INTERVIEW WITH AUTHOR OF, "EMERALD CITY DREAMER," LUNA LINDSEY
Hello Luna, thank you so much for agreeing to do this interview. It is a pleasure to have the chance to get to know more about you and your writing. First tell us about your newest novel and why you decided to write it.
My novel is called Emerald City Dreamer, and it's about faeries and faerie hunters in Seattle. The main character is a rockstar who, with her friend Sandy, operate a secret organization trying to eradicate the fae. It features strong women who deal with difficult problems in very different ways.
When writing urban fantasy, there are many mythological creatures to choose from. I focused on faeries because they represent imagination, dreams, stories, and music. I wanted a metaphor to show the struggle creative people feel between the practical need to pay the bills, and the urge to make something magic and less tangible.
Tell us about some of your hobbies, things you like to do in your spare time.
I'm a hobby-jumper, to be sure. I've learned four instruments, made chainmail bracelets, sculpted in polymer clay, started businesses, and found 65 geocaches. Mostly I play video games, because that keeps me out of trouble.
What is the one most rewarding thing in your life right now?
Aside from my writing -- my family.
When reading for pleasure do you tend to stick to the same genre you write or do you like to read other genres as well?
I love to read lots of genres. I especially read sci-fi and fantasy, and lately I've been catching up on certain literature titles people tend to reference in smart conversations. I love feeling like I know what everyone else is talking about.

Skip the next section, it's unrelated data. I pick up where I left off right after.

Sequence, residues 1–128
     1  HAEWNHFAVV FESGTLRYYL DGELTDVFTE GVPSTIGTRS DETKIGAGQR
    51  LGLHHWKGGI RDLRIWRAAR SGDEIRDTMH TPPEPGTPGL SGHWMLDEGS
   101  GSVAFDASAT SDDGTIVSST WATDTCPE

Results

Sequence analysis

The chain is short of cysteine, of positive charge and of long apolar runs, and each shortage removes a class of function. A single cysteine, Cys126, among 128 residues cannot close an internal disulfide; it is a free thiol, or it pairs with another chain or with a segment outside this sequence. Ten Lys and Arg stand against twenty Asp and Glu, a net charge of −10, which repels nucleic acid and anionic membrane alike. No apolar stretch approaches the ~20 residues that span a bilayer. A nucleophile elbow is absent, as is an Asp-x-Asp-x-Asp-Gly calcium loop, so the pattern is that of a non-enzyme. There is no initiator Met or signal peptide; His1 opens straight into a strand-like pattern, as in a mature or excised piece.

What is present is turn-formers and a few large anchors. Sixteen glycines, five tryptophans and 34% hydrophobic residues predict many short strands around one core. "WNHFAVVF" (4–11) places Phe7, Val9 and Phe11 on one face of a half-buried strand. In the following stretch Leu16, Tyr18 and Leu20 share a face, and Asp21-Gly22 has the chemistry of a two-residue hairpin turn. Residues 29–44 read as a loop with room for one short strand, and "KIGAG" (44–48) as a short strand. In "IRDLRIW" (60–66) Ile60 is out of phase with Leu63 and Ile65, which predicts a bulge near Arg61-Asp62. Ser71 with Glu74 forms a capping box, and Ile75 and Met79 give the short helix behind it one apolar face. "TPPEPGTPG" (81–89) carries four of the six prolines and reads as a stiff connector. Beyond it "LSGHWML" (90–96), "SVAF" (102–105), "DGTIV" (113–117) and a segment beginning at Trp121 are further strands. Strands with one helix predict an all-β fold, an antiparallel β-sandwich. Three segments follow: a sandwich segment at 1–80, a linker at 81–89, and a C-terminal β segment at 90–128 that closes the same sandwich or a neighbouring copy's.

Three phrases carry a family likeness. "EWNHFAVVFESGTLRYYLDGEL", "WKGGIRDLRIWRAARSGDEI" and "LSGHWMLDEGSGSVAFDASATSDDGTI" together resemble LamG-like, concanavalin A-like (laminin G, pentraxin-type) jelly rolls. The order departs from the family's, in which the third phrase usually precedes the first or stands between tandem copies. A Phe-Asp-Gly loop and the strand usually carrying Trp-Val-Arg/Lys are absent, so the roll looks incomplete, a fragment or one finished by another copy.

When was it that you realized writing was what you wanted to do with your life?
At two points in life. Once in 1997. And then I learned writing wasn't as glamorous as I'd been led to believe, and real life demanded I pay some bills with a sensible career. And again in 2010 when I'd done the sensible career for a sensible number of years and decided to take the leap.
When can we expect your next book out and can you give us a sneak peek?
I am working on the early revision phases of Emerald City Hunter, the sequel. I'm expecting to release that sometime in 2013.
Here's a quick excerpt. Two shape-changing faeries, Phaesyle and the Boneless, battle one another in a gothic gift shop. Sandy tries to stop the Boneless, but at this point she can't tell who is who.
Phaesyle stood on tiptoes on the top of the necklace rack surrounding the front desk. She held out her arms like a puppeteer, and the carpet beneath the fog caught fire. The fog roared and turned to steam, which then changed to a sweltering smog that billowed to fill the room.
Sandy began the binding spell again, just before breaking out into a violent cough. Her eyes watered.
The air filled with butterflies, their wings beating the air like a thousand tiny fans. The smog cleared, and Phaesyle was nowhere to be seen. But soon flies filled the air, a mockery of the butterflies they swarmed beside. The flies grew larger, transforming into sparrow-sized crows.
They snatched and bit at the butterflies, and managed to consume quite a few before finding themselves snatching at sparks instead. The sparks grew more fierce, like tiny bolts of lightning. Sandy's hair rose on end.